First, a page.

While we are yet to see the full impact of the cost of living crisis, the uncertain times over the last few years and even decades prove that maintaining communications is going to be vital for swift business recovery following this latest economic downturn.

It will likely take longer for customers to convert so timing your message in line with this shift will be important. You may need to focus more of your messaging on empathetic and inspirational content for longer, before moving on to communications that target making a sale.

Additionally, if you are planning any sales or offers, contemplate timing these in line with the average 'pay day' and target advertising your sale in the run-up. This way, customers who already know what they are planning to buy will be more likely to complete a purchase on their payday, when the price is better and they've had the opportunity previously to make their selection.

Using the most cost-effective channels

Mobile phone with ecommerce apps visible

eCommerce marketing best practice recommends that you focus your campaign creation efforts on the channel you're looking to publish it on.

For example, you wouldn't usually use the exact copy you've created for a PR campaign for a social media advert as part of your digital marketing strategy.

In addition, you'd ideally allocate a specific budget to as many marketing platforms as you know your target customers are using.

But, to go back to the 'scalpel' approach the Harvard Business Review mentions, you could:

1) Temporarily plan campaigns that could work on numerous channels as a short-term solution

This approach is incredibly tricky to do as you will need to plan content and communication campaigns that have the flexibility to be used on multiple platforms while making it feel to your audience that it is meant to be there.

If a campaign running on social channels doesn't feel like it belongs there, you run the risk of alienating your audience and lowering your online visibility.

That doesn't mean it's impossible to be successful in this approach, but it may take some trial and error to get right. The timing of home moving expenditure will be vital here as you will need to have the messaging exact by the time of 'peak spending.'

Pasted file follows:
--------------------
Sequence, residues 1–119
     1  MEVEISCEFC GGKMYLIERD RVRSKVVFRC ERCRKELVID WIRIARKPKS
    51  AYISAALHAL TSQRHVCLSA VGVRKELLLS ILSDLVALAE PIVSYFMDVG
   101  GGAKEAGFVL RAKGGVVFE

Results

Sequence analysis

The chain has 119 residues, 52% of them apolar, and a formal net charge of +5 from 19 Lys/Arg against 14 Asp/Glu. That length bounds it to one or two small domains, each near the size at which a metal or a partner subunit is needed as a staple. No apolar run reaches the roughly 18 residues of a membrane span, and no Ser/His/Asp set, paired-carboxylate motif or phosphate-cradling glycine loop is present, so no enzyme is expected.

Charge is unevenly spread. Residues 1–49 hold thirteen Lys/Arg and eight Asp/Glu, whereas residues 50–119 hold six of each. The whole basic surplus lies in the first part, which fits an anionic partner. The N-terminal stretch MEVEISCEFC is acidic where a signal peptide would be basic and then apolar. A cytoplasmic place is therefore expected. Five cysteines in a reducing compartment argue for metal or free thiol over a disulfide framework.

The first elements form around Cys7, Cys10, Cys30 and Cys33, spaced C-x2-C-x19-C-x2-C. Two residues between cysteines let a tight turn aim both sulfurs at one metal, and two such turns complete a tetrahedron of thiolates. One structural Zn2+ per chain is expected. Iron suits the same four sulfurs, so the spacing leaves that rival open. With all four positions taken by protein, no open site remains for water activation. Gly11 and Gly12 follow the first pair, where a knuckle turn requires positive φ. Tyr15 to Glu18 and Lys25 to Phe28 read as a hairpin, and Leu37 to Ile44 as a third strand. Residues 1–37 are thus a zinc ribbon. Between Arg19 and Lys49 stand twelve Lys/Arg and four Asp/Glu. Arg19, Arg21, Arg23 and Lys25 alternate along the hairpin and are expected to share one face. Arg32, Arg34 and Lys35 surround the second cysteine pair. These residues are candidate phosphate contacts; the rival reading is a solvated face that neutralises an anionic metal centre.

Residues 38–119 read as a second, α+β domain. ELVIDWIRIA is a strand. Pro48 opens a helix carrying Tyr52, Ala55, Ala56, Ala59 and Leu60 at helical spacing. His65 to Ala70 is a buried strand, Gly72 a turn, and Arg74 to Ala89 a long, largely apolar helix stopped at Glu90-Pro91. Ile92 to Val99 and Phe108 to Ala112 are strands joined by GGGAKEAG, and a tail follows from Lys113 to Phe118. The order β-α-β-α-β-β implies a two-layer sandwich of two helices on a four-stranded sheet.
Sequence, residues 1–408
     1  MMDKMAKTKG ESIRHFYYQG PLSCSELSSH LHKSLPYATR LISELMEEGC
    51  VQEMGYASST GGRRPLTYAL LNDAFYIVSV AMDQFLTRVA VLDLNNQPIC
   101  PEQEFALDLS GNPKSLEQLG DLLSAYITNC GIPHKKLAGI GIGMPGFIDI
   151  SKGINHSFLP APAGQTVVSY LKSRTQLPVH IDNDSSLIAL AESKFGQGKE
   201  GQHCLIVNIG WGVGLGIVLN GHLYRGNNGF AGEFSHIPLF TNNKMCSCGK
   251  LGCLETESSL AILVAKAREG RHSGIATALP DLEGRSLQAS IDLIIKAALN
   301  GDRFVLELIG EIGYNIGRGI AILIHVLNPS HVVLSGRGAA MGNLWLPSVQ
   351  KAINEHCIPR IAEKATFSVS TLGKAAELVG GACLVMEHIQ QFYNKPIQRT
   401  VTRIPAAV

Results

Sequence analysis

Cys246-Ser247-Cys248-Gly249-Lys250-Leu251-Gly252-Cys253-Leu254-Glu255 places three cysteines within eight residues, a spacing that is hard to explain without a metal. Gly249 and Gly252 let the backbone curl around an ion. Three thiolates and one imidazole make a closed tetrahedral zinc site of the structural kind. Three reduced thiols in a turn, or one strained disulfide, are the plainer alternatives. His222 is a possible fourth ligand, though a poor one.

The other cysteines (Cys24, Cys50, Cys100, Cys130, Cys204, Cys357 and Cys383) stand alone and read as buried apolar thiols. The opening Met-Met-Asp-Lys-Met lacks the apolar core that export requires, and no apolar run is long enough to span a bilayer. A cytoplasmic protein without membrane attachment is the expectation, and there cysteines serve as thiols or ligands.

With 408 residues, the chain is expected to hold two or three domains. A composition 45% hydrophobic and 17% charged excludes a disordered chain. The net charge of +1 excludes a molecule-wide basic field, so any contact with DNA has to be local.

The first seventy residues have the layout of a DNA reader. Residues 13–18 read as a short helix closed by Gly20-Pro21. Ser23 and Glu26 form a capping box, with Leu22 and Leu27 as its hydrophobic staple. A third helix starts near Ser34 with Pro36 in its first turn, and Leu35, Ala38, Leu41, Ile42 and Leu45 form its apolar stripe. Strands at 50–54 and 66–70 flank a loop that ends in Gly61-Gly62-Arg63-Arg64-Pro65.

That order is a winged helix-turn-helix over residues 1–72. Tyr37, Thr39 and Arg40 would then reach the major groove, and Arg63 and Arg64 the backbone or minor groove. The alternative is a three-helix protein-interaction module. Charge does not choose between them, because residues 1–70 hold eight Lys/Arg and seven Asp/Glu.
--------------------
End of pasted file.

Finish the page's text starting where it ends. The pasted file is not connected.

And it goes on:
For example, the peak for purchasing home furniture is during the actual move. This is a considerably small window and if the messaging hasn't been perfected, furniture retailers could miss the opportunity to make a sale.

The second option is much easier to achieve success with:

2) Reduce the number of platforms you target

In an ideal world, you'll want your brand to be visible everywhere your audience 'is'. However, throughout the cost of living crisis, it may be more financially viable to focus all of your marketing efforts on your most profitable channels.

It's important to review which channels are the highest performers for your brand and to research where your target customers are spending their spare time. You may need to strip back on some channels and invest in some new ones in the short term.


While there is no 'magic solution' for businesses to come out of the other side of the cost of living crisis, keeping your focus on your target customers, maintaining communication and planning the right time to execute campaigns via the best channels will be vital for retailers selling to customers in the process of buying a home or who have recently moved.

TwentyCi collects, supplies and analyses customer intelligence and consumer data specifically for retailers targeting home buyers and homeowners.

Our Property Data and Multi-Channel Marketing services could be essential to pivoting your marketing plans for increased chances of success. Get in touch for the most relevant data at your fingertips.